Over the past several Congresses, a number of government reforms have been instituted legislatively and administratively to increase transparency and improve accountability among public officials – from the STOCK Act to term limits for committee chairmen to ever-expanding rules on congressional and Cabinet-level travel.
Yet unlike measures in place for members of Congress, their staffs, senior executive branch officials and even other federal judges, the Supreme Court has been overlooked by legislators hoping to improve the public’s understanding of how their government operates.
To this day few Americans know about the justices’ personal and financial interests. Perhaps more concerning is the lack of visibility into the Supreme Court’s courtroom, which remains obscured from the public due to the high court’s ongoing broadcast media ban. And justices are serving longer than ever before – 27 years on average – which itself raises several concerns.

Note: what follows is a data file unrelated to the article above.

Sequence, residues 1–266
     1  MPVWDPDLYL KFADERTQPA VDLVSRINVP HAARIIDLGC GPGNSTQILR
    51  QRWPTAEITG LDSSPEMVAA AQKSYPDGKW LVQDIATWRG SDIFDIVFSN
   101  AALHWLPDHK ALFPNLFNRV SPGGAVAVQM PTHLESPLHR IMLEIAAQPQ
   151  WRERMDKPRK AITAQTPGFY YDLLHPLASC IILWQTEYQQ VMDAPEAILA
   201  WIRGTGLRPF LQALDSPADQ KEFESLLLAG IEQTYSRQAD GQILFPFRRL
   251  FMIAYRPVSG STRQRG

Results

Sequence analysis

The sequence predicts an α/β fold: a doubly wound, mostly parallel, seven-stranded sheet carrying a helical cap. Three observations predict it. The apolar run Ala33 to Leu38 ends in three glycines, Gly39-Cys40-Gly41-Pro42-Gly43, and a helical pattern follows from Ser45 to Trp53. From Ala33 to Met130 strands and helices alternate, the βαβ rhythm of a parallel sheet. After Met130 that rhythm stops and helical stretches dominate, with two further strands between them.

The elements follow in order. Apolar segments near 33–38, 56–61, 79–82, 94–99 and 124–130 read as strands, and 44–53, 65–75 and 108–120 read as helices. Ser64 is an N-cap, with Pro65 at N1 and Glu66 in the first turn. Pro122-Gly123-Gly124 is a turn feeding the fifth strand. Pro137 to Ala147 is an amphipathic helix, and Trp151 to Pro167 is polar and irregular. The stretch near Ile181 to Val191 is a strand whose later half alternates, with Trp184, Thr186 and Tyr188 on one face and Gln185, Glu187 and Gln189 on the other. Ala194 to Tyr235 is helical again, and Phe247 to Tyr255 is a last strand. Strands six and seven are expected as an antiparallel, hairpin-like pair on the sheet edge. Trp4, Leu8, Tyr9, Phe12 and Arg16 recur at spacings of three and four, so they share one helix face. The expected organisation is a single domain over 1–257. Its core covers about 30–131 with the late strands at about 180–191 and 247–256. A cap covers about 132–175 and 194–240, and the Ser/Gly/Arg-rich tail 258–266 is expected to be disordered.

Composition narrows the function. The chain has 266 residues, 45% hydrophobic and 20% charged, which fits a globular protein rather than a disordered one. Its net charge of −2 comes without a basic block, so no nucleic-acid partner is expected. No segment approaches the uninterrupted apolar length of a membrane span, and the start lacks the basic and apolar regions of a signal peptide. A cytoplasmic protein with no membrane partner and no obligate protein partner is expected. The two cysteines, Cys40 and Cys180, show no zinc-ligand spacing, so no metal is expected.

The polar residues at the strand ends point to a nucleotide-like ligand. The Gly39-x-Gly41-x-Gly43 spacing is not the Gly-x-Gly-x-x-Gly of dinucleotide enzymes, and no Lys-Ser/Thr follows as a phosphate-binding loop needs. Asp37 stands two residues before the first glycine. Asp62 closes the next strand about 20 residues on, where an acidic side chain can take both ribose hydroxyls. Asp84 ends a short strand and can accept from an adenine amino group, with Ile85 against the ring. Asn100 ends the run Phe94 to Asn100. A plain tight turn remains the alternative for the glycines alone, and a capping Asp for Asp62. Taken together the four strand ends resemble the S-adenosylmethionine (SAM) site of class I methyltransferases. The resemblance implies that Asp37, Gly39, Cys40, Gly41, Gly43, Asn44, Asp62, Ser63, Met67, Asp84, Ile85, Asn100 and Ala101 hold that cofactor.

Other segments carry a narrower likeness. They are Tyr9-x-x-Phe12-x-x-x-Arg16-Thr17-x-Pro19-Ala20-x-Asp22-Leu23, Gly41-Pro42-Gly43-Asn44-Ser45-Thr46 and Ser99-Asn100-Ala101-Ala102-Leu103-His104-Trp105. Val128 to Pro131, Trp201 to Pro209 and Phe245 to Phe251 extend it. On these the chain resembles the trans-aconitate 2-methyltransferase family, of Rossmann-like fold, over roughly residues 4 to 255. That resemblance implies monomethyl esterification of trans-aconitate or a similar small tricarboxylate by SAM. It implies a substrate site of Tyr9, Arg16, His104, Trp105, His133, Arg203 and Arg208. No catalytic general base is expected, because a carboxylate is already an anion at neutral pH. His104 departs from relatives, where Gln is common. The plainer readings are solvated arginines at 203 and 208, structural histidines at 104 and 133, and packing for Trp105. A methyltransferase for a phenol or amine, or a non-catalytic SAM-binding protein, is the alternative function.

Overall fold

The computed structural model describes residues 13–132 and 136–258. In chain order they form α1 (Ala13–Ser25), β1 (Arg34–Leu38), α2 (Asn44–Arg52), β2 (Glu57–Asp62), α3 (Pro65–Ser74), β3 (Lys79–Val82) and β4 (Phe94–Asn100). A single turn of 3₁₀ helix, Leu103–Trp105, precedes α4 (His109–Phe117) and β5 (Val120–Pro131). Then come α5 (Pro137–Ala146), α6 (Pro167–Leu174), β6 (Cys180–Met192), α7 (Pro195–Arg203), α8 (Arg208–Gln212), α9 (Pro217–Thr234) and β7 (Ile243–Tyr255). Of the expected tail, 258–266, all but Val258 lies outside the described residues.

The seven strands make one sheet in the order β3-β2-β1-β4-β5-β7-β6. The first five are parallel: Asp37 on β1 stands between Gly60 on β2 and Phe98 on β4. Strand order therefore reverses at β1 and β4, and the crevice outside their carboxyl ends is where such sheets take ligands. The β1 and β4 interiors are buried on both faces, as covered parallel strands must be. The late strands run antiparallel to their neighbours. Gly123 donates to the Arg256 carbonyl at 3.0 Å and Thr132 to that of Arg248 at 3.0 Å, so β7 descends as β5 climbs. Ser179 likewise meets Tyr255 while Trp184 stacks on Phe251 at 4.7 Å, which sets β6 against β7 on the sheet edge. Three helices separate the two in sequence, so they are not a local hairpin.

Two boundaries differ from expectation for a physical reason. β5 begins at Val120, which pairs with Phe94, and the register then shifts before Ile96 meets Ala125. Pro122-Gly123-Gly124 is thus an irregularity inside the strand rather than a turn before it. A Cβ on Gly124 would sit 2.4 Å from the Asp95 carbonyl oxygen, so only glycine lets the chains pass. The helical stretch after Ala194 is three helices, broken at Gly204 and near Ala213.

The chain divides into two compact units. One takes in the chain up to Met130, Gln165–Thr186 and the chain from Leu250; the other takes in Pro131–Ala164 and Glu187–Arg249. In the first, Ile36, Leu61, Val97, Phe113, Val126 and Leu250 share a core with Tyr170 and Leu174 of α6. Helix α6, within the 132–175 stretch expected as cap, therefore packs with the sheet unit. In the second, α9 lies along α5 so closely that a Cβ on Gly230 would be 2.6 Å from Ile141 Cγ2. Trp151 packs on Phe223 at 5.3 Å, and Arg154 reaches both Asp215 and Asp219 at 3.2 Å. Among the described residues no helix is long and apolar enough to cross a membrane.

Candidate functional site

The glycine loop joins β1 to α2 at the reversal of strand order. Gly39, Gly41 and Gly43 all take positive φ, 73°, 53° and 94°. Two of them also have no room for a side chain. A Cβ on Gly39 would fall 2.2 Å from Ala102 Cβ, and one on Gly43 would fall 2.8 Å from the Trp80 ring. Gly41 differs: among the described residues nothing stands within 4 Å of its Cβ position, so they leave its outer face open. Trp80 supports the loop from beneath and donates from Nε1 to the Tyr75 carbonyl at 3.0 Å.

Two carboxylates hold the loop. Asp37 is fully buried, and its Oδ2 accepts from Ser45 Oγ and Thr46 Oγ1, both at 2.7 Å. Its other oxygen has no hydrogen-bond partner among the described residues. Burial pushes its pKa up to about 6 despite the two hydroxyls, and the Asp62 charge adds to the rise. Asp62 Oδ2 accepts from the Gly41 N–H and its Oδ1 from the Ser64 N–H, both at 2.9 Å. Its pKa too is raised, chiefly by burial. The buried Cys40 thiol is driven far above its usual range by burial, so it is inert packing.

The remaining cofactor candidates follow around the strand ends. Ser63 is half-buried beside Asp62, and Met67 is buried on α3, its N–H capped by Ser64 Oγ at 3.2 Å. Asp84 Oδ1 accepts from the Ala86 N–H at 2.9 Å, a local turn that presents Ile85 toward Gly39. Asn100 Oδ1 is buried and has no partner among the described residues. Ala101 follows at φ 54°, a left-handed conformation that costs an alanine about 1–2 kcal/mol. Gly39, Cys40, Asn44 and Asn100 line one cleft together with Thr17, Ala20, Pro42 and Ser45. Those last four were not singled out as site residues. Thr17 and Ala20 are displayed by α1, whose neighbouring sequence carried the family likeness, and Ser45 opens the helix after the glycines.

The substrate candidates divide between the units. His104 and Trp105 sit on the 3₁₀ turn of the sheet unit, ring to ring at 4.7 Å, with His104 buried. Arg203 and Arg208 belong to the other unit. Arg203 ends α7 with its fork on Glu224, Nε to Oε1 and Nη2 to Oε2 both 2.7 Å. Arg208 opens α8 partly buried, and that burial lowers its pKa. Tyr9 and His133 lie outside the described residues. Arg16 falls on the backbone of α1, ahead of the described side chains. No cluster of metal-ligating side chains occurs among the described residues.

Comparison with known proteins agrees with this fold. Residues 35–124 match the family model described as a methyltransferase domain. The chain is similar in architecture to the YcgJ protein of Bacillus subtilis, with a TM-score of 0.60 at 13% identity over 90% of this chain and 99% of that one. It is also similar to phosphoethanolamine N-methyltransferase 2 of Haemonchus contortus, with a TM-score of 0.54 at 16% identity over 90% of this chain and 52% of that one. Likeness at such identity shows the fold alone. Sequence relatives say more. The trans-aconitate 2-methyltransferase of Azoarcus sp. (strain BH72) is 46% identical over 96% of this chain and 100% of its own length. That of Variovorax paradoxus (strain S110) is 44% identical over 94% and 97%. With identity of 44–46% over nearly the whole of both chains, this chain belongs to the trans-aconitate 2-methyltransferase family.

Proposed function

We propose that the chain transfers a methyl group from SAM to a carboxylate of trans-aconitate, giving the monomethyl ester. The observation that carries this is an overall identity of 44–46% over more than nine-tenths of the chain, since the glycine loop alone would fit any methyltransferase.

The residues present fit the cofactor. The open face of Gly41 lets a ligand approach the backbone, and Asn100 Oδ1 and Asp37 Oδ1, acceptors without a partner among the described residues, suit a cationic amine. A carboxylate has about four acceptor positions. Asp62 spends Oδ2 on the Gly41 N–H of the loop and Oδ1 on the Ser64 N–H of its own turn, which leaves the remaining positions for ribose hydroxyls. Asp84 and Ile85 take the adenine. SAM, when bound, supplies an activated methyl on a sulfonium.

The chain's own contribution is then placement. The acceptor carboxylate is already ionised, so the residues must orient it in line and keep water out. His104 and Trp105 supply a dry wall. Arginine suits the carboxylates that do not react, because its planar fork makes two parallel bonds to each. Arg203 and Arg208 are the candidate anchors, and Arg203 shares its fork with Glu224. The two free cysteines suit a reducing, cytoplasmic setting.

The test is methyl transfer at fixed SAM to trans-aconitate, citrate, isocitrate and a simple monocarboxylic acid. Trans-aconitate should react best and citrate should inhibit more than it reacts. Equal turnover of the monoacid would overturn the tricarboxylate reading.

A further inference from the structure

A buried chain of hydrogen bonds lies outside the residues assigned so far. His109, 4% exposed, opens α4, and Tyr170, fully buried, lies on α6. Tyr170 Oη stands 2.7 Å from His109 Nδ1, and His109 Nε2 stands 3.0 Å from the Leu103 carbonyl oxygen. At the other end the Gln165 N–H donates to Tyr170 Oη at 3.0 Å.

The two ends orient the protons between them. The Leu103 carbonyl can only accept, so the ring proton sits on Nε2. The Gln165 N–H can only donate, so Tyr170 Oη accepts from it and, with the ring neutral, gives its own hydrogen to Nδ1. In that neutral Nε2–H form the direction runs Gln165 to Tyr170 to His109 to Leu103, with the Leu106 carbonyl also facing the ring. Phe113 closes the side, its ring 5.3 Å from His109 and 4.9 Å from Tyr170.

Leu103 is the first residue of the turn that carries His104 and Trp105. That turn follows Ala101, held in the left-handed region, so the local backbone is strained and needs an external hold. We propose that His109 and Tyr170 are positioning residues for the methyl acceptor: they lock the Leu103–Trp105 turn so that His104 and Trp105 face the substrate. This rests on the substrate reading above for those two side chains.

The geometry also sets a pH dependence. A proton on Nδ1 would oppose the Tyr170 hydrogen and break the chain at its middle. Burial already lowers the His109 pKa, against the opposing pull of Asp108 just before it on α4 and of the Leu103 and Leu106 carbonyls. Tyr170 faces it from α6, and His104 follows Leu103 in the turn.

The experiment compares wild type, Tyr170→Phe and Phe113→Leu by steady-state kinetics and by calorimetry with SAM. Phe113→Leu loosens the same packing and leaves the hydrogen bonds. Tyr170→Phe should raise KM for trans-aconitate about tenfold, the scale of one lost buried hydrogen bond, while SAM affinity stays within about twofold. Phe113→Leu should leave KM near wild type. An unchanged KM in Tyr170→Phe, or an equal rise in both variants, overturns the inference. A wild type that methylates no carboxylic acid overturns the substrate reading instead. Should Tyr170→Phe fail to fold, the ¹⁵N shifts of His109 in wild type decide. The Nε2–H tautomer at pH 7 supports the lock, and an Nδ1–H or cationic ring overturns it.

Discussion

As Congress strives to increase the accountability of and accessibility to our three branches, Fix the Court stands behind commonsense reforms to bring greater openness to the high court.
Click here to learn how Congress could utilize its authority over the courts to make them more transparent and accountable.
Click here to read the highlights of a February 2017 House Judiciary Courts Subcommittee hearing that covered our “fixes.”
Click here for the highlights of a similar hearing held in July 2016.